My son finally released the man and I thought all was well and complete, but before I could redirect Jake back to his seat or to an exit door, he broke loose again. This time instead of restraining him, I let him go—because sometimes you have to set people free to experience the greatest freedom yourself.

He ran to hug another, and another, and yet another. He was laughing and jumping and hugging and loving. It was sloppy and loud and rough and painful. And the entire body was watching and learning and discovering what “indispensable” really meant.

Soon others joined in and the hugs spread like sparks jumping from a small, intense fire. As the wind of the Spirit blew where it pleased, the sparks turned to flames and raged through the church. But the only thing that burned up that day was the long-standing boundaries around comfort zones of personal pride and inward self-esteem.

People were laughing and talking and whooping and hugging—real hugs—feet off the ground, cheek to cheek, steal your breath hugs. And unbeknownst to most of the congregation, Jake was in the middle of it all, like an imprisoned apostle set free; like a preacher without a voice, called by God to “go and make disciples”.

That Sunday started something new for Jake, and something new for the local body of Christ at Redemption Church—a sort of mini revival set afire by the unsuspecting, silent ember of one indispensable blazing heart.

Now every Sunday he sits, waiting for the end of the service. Waiting for the Lord’s Supper, the closing benediction and the final “Amen”. Not so he can get home and watch Sunday afternoon football or fix Sunday dinner or take a Sunday nap.  Those things are the farthest from his simple mind.

He lives to apply the meaning of the message with complete lack of inhibition for his unbridled, bubble busting, in your face, knock you to the ground, God honoring, Jesus exalting, Spirit saturated —joy!

Sometimes it’s loud and painful. Sometimes he pokes an eye, or lands a knee, or leaves a slobbered wet spot on someone’s clean Sunday best. Sometimes we have to restrain his ambition just a bit for the protection of the elderly and the petite. Sometimes we wince when a visitor gets picked for the embrace. It's usually awkward and it’s almost always uncomfortable.

But every Sunday after church, the real worship begins in the heart of obscurity.  And an autistic, non-verbal, disabled, man-child shines like a white hot spotlight of God’s grace for the motley, multifaceted church body to see and understand—

“God arranged the members in the body, each one of them, as He chose. The eye cannot say to the hand, ‘I have no need of you.’ On the contrary, the parts of the body that seem weaker are indispensable, and on those parts of the body that we think less honorable we bestow the greater honor.”

70 comments:

  1. Wow! What a wonderful reminder! Your book has ministered to me and so many here in India where I live!

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  2. Beautiful, as always! Thank you for being the sunshine in my morning! :)

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  3. My brother lives with me, and every weekend he has custody of his 24-year-old mentally challenged daughter Felicia. She has the mentality of a 5-year-old, but she is indispensable to our church. She loves church, loves the singing (she calls them 'hymn songs'), and loves the people. She is a hugger, and as soon as church lets out, she can be found going around bear hugging as many people as she can. The remarkable thing is that she remembers everyone's name. Sometimes she'll forget, and she'll ask 'what's your name?' but it's rare. The congregation is largely gracious toward her, although I did get one cranky old woman tell me I need to talk to my brother about controlling Felicia. I didn't disagree with her concerns that Felicia's bear hugs might knock over a feeble older person, but the way she presented it to me was mean-spirited. But that was the only negative comment I ever received. One time Felicia asked me if I pray to God. I told her I did, and she asked me what I say to Him. I told her I ask God to bless people I love, for people who are sick and need healing, I thank him for my blessings, etc. Then I asked her what SHE says to God, and she replied, "I just tell him I love him." Wow. I was so humbled. That wasn't on my list of things to talk to God about.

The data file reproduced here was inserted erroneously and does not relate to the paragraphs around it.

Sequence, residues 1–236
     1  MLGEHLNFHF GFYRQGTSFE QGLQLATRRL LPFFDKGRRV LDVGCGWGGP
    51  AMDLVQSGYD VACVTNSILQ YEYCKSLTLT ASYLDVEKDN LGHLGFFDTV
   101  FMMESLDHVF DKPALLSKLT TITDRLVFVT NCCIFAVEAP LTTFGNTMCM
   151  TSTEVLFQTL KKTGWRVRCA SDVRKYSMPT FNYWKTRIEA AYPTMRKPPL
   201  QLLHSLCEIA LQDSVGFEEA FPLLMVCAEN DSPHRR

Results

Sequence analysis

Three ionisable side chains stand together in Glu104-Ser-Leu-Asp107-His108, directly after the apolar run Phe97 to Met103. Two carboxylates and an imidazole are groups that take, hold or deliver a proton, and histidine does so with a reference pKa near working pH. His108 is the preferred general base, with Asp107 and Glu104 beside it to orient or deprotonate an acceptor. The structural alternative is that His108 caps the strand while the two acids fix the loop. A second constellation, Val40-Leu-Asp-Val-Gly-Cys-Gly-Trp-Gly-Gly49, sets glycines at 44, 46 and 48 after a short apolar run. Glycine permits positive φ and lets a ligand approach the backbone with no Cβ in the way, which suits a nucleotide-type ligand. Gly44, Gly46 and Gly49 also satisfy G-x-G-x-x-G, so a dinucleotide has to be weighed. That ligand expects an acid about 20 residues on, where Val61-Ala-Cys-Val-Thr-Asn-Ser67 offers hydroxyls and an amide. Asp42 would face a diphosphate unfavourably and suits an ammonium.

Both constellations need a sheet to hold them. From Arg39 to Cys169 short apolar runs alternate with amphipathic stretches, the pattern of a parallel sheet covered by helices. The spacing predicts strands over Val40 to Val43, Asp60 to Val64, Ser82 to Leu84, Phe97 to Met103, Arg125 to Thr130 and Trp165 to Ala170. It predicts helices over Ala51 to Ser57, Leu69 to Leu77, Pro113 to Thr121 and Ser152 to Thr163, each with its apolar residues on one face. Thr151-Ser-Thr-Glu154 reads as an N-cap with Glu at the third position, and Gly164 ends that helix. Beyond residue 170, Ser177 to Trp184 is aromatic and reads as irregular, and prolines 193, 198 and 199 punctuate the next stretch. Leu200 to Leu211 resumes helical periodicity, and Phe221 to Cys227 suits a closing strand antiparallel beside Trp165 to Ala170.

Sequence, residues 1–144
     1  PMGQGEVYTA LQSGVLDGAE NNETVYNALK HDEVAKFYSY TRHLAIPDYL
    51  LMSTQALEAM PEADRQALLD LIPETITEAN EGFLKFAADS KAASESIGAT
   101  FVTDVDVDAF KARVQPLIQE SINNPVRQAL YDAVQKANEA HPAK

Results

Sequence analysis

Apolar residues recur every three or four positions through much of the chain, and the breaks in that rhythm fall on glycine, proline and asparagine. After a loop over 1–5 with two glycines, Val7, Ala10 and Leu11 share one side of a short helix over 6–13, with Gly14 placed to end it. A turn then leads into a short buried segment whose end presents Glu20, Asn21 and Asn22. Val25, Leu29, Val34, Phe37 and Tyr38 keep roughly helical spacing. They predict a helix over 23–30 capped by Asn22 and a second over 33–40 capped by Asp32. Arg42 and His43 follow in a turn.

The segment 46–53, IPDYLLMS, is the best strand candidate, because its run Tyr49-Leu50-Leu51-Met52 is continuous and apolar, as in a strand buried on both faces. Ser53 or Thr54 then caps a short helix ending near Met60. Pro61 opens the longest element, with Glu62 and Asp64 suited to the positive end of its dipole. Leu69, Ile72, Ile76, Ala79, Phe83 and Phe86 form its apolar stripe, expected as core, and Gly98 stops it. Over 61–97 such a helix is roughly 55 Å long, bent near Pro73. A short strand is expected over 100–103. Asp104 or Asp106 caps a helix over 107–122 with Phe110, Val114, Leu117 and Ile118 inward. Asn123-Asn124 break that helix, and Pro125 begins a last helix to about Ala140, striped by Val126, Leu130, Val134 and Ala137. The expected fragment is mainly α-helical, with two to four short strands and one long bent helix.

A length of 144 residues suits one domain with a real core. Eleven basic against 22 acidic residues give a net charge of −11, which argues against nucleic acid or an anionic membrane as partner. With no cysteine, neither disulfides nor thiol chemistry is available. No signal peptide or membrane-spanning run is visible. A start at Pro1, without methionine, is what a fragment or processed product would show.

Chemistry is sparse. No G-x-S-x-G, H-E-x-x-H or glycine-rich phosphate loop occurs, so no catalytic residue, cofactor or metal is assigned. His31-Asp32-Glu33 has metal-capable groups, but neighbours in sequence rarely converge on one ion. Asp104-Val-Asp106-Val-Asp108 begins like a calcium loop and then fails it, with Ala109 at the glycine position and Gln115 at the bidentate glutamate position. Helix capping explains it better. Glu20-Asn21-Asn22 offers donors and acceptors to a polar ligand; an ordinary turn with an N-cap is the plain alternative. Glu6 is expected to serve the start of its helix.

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  4. For 34 years I was blessed with a disabled son who was the joy of my life. I led him to Christ at age ten, at his request. I baptized him the next year, at his request. He was non-verbal, but he sure could make himself understood. He was rather like our church mascot; everyone knew and loved Jonathan. He loved to sing, often at the wrong times, so we had to learn to manage his enthusiasm. He went home to be with Jesus 5 years ago. I will miss him 'til I join him.

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  5. Oh the Joy!!! Thank you for sharing your story and your awesome son!

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  6. Beautiful! Thank you for sharing!

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  7. As someone who is blessed to work with children with disabilities, this touched me in many ways. People tend to throw out the "oh, I could never do that, you're a (fill in the blank with any smattering of 'angel, dear, saint, etc). But what those people fail to see is that I am the one who is blessed to work with them. Often I come away from my sessions challenged, encouraged, and filled with joy because of what they have taught me. My prayer is that the church would wake up to the blessing of special needs!

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  8. Thank you. . . . that really blessed me.

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  9. This body never cared for the hugs, but other members might really need it. Wonderful.